The view from the hill atop Arlington Cemetery, in front of the Custis-Lee Mansion (Arlington House) is breathtaking from mid-October through mid-November. The Capitol is another excellent place for lasting color coupled with dramatic views.

The symmetrical beauty of the American elm, its elegant profile so aptly suited to the Washington scene, can still (knock on wood) be seen in many stands; those on and near the Mall, particularly, are poignant reminders of the elm- lined streets of yore. Dutch elm disease has brought down many in other parts of town, but the effort to protect survivors goes on.

Autumn may be the best time to identify the many trees that have been brought here from Europe, Asia, Africa and the expanses of this continent. It's like detective work: The more clues you find, the more easily you will crack your case. In the fall, more arboreal clues are available. You can examine the leaf before and after it has turned. Winter buds are plainly visible. Most significantly, many trees bear fruit in autumn.

Oaks, buckeyes and horse-chestnuts, trees of the pea family (locusts, Kentucky coffee-tree, pagoda tree, yellow- wood), catalpas, paulownia and many other trees commonly planted in the city are easier to identify in autumn, when you can compare leaves and mature fruit. On a crisp autumn day, rooting around for fall fruit and colored leaves can be one of the most enjoyable experiences going.

You may want to start a collection of pressed leaves and fruit (a herbarium) for future reference or art projects. Simply press leaves between pieces of newspaper, recording the date and place of collection, with the name of the tree, if you've been able to identify it, on the newspaper. Then press the folded paper under a stack of books, piling up as many specimens as you'd like. Fruit can be tagged with the same information and stored in egg cartons. If you have been unable to identify a certain tree, visit it again in the spring or summer when it's in bloom and collect the flowers, which can also be pressed. With fruit, leaf and flower in hand, you should be able to tell what it is.

For anyone wishing to take up landscape photography, now's the time. While endless photos of green trees in summer get boring rather quickly, a warmly dressed photographer who goes out among the city's trees and monuments on a clear autumn day is bound to be heartened by the results. If all else fails, there's always the ginkgo tree. Its golden, fan-shaped leaves will take the picture for you!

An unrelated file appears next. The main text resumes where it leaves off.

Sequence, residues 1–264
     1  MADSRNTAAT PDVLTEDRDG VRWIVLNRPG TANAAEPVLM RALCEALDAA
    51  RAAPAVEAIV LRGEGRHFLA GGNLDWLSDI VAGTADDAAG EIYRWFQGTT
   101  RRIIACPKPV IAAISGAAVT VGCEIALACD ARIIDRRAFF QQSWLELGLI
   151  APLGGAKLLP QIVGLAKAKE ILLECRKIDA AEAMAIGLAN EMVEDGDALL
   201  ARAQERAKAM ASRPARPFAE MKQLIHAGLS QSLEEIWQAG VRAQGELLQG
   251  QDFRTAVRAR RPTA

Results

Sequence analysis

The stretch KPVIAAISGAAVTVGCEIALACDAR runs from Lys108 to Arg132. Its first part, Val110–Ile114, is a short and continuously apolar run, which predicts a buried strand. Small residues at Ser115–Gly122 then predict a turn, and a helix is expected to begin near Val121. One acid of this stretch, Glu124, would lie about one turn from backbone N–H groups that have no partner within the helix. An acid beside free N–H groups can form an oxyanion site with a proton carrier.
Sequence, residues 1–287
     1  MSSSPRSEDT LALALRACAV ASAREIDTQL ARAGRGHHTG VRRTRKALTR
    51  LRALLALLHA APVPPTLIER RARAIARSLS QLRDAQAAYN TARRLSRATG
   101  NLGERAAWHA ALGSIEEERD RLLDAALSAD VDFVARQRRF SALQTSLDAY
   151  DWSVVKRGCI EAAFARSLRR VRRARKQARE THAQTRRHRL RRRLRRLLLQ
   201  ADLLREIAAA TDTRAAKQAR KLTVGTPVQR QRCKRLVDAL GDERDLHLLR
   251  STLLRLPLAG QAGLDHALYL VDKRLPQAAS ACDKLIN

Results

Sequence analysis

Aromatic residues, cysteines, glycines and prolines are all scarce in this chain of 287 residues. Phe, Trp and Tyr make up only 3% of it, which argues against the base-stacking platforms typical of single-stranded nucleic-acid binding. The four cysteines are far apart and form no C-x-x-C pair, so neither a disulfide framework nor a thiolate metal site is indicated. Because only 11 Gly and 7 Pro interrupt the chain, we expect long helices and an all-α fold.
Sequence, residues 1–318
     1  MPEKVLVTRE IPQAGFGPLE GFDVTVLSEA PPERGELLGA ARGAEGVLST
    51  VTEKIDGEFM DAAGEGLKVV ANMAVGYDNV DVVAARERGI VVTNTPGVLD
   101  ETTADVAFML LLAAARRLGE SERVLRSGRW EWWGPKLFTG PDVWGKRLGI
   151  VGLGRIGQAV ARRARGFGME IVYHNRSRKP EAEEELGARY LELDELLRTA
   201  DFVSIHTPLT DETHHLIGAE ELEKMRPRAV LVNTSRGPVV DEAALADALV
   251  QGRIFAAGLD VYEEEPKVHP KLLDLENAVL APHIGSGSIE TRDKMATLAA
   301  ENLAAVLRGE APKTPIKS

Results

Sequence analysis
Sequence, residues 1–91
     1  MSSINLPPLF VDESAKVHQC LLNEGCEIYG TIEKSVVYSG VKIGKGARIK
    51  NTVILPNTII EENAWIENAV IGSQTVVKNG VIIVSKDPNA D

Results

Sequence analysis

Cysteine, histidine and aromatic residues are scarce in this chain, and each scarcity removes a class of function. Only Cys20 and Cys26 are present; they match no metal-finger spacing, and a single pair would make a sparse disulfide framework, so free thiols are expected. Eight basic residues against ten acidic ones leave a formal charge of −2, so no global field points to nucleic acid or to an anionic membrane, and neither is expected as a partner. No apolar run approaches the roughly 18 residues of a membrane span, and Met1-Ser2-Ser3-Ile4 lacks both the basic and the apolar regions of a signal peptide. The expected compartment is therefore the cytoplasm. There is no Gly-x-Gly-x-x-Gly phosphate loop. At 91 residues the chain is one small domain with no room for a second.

The key to savoring fall is to pay close attention to the changing scene. Visit the same spot several times during the season, if you can, or establish a tree-lined running or biking route. Don't let wind or rain keep you indoors; briskly blowing leaves and long, moody rain showers are important ingredients of the autumn ambience.

ON THE TRAIL OF THE TREES Following are the locations of some outstanding examples of Washington's more unusual and/or spectacular trees:

GINKGO -- Arlington Cemetery, on the hill in front of the Custis-Lee Mansion (Arlington House) and on the Capitol grounds.

DAWN REDWOODS -- National Arboretum (the needles of this rare Asian conifer are deciduous and turn bright bronze in autumn).

KATSURA -- Mammoth tree on the right just inside the main entrance to the Dumbarton Oaks garden.

AMERICAN ELMS -- On the Mall and between the Mall and the Potomac.

CHINESE ELM -- This unusual fall-blooming and fruiting tree has been planted as a street tree in several places in Washington. A gorgeous specimen is on the Library of Congress grounds.

EUROPEAN BEECHES -- (including the copper-beech form); Smithsonian Museum of Natural History, along the river between the Lincoln Memorial and the Kennedy Center (gorgeous in late fall) and in Rock Creek Cemetery.

WILLOW OAKS -- The Capitol grounds (southeast section).

KENTUCKY COFFEE-TREES -- Capitol grounds, southwest section (large pods visible fcrom autumn through winter).

SUGAR MAPLES -- Capitol grounds.

JAPANESE MAPLES -- Capitol and Library of Congress grounds.